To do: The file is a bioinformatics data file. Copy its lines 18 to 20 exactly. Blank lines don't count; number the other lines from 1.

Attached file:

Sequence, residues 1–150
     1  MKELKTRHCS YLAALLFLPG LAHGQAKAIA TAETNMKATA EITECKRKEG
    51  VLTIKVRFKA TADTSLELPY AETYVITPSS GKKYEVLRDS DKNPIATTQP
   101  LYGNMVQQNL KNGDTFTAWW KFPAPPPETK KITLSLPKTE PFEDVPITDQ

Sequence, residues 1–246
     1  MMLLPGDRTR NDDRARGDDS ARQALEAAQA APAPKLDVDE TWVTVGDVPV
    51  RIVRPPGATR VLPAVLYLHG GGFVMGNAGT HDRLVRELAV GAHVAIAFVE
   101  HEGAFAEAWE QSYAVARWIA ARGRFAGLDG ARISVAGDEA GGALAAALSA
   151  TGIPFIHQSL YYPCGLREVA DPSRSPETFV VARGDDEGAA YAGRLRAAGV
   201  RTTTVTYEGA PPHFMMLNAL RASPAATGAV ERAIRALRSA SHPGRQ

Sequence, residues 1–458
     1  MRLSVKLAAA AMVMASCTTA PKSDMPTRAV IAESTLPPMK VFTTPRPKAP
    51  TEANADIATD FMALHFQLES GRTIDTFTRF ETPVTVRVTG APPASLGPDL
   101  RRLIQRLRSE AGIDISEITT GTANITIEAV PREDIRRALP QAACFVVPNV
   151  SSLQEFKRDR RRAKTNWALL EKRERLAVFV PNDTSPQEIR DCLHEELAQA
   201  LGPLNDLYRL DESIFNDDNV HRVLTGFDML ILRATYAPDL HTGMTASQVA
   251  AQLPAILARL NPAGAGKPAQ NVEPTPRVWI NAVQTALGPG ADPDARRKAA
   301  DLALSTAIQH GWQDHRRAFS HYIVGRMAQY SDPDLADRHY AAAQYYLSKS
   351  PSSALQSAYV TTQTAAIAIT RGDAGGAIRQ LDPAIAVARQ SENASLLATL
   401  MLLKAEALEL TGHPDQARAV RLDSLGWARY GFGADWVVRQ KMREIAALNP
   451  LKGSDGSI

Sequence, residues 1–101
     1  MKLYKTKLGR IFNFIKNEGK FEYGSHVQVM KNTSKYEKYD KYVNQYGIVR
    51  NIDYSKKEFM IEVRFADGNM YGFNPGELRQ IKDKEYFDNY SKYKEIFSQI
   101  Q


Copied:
   301  DLALSTAIQH GWQDHRRAFS HYIVGRMAQY SDPDLADRHY AAAQYYLSKS
   351  PSSALQSAYV TTQTAAIAIT RGDAGGAIRQ LDPAIAVARQ SENASLLATL
   401  MLLKAEALEL TGHPDQARAV RLDSLGWARY GFGADWVVRQ KMREIAALNP